Sultan Qaboos engineered his own smooth succession

The death of Sultan Qaboos Bin Said Al-Said on the evening of 10 January leaves Oman without its defining figure for five decades. He has been succeeded by Sayyid Haitham Bin Tariq Al-Said.

While rumours of Qaboos’ health had swirled around for months – placing the 79-year-old sultan (since 1970) between remission and death – close observers said that in mid-December he had abandoned a planned programme of medical treatment in Leuven, Belgium, knowing it would be futile. His death while much predicted and speculated on nonetheless comes as a profound shock to his nation, in which he played an unparalleled role in bringing into the modern world, and whose political life he dominated as an absolute ruler.

According to one analyst who served in the deserts of Oman and maintains close ties with the sultanate, Qaboos’ rule was driven by an understanding that “the alternative to an iron fist could be hunger, chaos and misery for his people of the type which has transpired in neighbouring Yemen”.

Married for little more than one day and so without an heir, the sultan planned the succession process carefully, so as to avoid the royal family murders and coups that have been a feature of Omani rulership for centuries. In the end, the Royal Family Council met quickly after the sultan’s death; it elected to immediately open the sealed envelope containing Qaboos’s own nomination, rather than to deliberate for the prescribed three days before anointing a new ruler. Thus not only has the royal family endorsed Sayyid Haitham, but he also enjoys the authority and blessing bestowed upon him by the late sultan, whose abiding authority commanded the overwhelming respect and obedience of what historically has been a fractious land, divided on tribal and religious grounds.

The swiftness and efficiency with which the succession has taken place has left little opportunity either for internal dissension, or for external intervention predicated on unrest and the need for stability. Nonetheless, the analyst told GSN, “the first months of the new sultan’s reign may be tense, with spoilers seeking to take advantage of the situation. For now the security establishment has the situation well under control, and can expect to receive support from the United Kingdom in particular should it be necessary.”

Oman’s main strategic issue is to switch emphasis in the economy away from oil and gas to develop a broader-based economy which can sustain the needs of a state with high social and welfare spending, and sustainably employ more young Omanis. Sultan Haitham will preside over an economy which in recent years has faltered in delivering on an ambitious programme to balance the books, reduce national debt – which had been rising to dangerous levels – and encourage private enterprise. For so long a driving force in Oman’s modernisation, the ailing Qaboos was sapped of the energy necessary to push through such radical transformation.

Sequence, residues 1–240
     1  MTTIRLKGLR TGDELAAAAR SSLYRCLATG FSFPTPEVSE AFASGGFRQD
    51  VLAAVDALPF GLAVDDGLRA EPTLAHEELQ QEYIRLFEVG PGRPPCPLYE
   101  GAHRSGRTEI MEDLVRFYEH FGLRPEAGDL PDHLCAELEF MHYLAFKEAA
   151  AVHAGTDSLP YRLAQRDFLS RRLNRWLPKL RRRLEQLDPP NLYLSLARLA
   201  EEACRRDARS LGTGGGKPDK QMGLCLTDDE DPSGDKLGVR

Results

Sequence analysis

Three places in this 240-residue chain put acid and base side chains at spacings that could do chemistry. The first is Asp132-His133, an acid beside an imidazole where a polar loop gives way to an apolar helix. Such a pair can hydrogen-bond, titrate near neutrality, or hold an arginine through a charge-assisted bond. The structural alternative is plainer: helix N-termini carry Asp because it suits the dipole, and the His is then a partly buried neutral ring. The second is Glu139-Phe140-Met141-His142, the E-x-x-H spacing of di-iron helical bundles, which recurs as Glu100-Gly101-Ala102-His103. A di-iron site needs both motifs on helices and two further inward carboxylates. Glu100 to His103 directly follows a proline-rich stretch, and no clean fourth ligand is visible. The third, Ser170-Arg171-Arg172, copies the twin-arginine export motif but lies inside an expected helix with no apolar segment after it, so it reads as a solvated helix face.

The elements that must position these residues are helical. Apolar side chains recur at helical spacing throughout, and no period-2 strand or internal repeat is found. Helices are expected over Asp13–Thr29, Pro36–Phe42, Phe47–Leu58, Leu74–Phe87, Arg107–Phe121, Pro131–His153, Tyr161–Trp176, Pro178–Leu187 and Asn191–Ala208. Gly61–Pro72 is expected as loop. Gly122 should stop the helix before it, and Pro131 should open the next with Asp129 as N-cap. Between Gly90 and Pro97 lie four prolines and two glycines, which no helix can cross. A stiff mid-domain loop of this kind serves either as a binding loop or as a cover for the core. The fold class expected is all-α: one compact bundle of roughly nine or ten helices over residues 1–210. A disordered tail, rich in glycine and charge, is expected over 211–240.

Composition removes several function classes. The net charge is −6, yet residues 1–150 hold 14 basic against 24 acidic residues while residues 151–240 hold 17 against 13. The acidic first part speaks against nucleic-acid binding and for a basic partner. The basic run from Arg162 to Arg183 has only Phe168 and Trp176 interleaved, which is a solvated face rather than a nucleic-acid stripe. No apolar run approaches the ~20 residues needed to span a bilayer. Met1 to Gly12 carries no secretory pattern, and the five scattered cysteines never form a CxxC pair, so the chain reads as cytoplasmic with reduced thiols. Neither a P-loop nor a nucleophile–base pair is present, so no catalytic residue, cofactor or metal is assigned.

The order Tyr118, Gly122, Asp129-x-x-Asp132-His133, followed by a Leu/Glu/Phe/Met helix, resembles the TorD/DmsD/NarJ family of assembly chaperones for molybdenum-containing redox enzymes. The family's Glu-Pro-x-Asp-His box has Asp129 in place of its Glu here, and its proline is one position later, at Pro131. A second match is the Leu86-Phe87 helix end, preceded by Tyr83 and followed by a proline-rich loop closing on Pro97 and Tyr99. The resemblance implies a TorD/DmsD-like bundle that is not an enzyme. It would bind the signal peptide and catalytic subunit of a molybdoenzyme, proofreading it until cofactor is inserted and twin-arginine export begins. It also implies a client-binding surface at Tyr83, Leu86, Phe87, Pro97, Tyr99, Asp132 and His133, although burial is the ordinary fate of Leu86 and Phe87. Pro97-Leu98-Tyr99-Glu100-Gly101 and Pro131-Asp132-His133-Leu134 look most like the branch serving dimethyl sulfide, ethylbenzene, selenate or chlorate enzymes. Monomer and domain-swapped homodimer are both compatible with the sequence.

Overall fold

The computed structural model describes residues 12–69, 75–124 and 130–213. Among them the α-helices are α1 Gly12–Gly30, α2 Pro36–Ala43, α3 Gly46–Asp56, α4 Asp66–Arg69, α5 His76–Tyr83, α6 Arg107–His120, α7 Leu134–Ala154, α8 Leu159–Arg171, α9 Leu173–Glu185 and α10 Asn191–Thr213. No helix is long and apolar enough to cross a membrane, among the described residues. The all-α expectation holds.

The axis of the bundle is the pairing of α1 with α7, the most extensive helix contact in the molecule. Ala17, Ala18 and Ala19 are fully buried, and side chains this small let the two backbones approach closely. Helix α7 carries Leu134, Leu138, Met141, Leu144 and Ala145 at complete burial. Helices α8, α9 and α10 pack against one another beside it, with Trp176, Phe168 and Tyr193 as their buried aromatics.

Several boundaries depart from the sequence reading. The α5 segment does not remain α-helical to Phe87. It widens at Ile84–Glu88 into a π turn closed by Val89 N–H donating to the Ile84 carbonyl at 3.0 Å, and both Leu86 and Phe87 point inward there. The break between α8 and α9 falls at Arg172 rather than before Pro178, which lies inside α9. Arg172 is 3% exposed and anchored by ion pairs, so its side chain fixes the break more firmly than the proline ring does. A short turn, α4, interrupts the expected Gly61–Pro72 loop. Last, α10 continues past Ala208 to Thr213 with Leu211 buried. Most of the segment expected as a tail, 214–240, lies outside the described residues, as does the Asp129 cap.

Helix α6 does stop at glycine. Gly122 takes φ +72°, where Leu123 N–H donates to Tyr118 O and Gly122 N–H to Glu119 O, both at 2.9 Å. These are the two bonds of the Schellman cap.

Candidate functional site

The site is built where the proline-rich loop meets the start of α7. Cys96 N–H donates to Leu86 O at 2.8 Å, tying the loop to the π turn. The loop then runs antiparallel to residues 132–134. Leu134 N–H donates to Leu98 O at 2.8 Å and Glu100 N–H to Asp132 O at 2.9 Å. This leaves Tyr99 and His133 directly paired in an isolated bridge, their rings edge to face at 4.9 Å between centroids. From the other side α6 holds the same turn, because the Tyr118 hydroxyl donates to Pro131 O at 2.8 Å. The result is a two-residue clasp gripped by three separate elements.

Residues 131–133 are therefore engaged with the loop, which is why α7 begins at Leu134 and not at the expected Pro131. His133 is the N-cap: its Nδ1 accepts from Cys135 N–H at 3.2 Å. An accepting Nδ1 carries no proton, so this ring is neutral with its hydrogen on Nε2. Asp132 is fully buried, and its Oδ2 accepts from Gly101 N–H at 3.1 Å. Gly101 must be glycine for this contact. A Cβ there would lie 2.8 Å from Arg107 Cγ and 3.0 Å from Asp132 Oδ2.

Haitham Bin Tariq – something of a surprise choice – is the more business-focused of the candidates that had been running for the post He has played a key role in the strategic and economic planning process in recent years, and is thus well-equipped to push forward this ambitious programme at pace, notwithstanding the risks of social disruption it may well cause. 

From periods in the sultanate’s Ministry of Foreign Affairs, Sultan Haitham is also wise to the important role Oman has played as an intermediary between adversaries in the region. This is a traditional and well-established role that Oman will likely continue to play, at a time when with live disputes involving Iran, Qatar and Yemen this has perhaps never been so important.

Pointing to important – and potentially fractious – relations that require careful management, the new sultan on 12 January received the United Arab Emirates’ de facto ruler, Abu Dhabi Crown Prince Sheikh Mohammed Bin Zayed Al-Nahyan.

There will be much more on the death of Sultan Qaboos and the prospects for his successor in GSN 1,096, to be published on 23 January.

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